- The International Maritime Organization's (IMO) Marine Environment Protection Committee adopted a new action plan to combat marine plastic Tuesday, aimed at enacting new regulations to reduce the amount of plastic in the ocean stemming from ships, according to a press release.
- The IMO acknowledged existing regulations have not stopped ocean litter. As a result, the agency developed an action plan to take another look at existing rules and the infrastructure needed to mitigate ocean plastic pollution. Details will come into further focus at the next committee meeting in April.
- The action plan assesses port-side collection facilities, the possibility of requiring registration of containers and fishing gear lost at sea and more.
Dumping plastic in the ocean is already illegal and ports are required to provide adequate means of collecting debris in port, but existing measures still haven't slowed down the growing problem of marine plastic.
Macro-plastic pollution, meaning plastic items large enough to pick up and often recognize, threaten tourism and fishing industries along with wildlife. Abandoned fishing nets are particularly harmful as they can tangle up both wildlife and ship rudders and propellers. The nets account for roughly 10% of ocean plastic, according to the UN Food and Agriculture Organization, adding up to an expected 800,000 metric tonnes in 2018. By weight, the nets are thought to account for an even larger share of the marine debris issue. Micro-plastic too, which is less than five millimeters in size, negatively affects both wildlife and human health.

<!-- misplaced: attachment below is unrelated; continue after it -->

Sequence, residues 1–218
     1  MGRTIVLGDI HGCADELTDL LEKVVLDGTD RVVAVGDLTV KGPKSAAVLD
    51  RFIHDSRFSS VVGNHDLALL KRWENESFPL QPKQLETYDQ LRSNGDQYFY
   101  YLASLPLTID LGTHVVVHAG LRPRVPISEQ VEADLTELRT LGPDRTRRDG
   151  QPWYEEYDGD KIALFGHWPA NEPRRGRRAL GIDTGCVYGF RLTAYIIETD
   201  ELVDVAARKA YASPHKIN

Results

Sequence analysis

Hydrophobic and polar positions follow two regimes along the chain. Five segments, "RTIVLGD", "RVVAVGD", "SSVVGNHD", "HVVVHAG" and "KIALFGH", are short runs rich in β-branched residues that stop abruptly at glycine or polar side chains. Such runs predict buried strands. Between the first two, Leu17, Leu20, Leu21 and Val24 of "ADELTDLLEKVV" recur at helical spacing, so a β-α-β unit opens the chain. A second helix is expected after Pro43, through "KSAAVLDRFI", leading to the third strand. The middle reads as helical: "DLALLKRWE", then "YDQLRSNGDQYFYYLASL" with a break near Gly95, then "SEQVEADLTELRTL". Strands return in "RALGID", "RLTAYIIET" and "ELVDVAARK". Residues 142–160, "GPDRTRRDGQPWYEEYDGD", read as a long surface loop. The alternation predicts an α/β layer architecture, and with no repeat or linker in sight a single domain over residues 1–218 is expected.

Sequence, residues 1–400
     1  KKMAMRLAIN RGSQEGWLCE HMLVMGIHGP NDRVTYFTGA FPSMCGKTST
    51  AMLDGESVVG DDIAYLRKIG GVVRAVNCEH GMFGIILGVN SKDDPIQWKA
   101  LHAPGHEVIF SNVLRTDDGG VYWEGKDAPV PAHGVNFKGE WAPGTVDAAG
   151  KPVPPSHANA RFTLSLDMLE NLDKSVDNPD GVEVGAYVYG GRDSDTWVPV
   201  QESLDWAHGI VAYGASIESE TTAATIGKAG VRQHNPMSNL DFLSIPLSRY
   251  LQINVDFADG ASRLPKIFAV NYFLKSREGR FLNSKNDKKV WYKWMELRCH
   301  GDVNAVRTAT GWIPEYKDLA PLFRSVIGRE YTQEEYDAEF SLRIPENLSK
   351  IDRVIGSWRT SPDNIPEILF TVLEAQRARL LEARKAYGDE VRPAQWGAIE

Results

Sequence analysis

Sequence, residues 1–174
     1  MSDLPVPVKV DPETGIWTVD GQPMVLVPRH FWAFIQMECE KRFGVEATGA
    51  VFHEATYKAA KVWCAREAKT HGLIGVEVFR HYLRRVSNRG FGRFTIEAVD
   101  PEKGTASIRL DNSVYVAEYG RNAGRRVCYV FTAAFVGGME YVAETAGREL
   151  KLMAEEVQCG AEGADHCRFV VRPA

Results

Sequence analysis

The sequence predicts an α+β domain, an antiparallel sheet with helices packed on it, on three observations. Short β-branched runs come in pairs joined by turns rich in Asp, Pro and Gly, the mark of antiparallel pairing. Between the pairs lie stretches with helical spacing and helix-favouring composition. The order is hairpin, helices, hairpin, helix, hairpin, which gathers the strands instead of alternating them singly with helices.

The private sector has organized around this issue as well. NextWave Plastics is an initiative to develop a commercial-scale ocean-bound plastics supply chain — members include corporate heavy-hitters like HP, IKEA, and DELL. And SC Johnson teamed up with Plastic Bank to open eight recycling centers in Indonesia over the next year, where local workers can exchange plastic for digital tokens that can be used for goods and services with an eye to reducing the amount of plastic entering the sea.
Deterring plastic that commonly ends up in oceans from the land and encouraging recycling is a good start, but won't solve the problem of plastics intentionally or accidentally dumped at sea, which is what the IMO's new plan seeks to address.
The Loadstar reported that since regulations banning litter in the ocean already exist, the problem may be one of enforcement.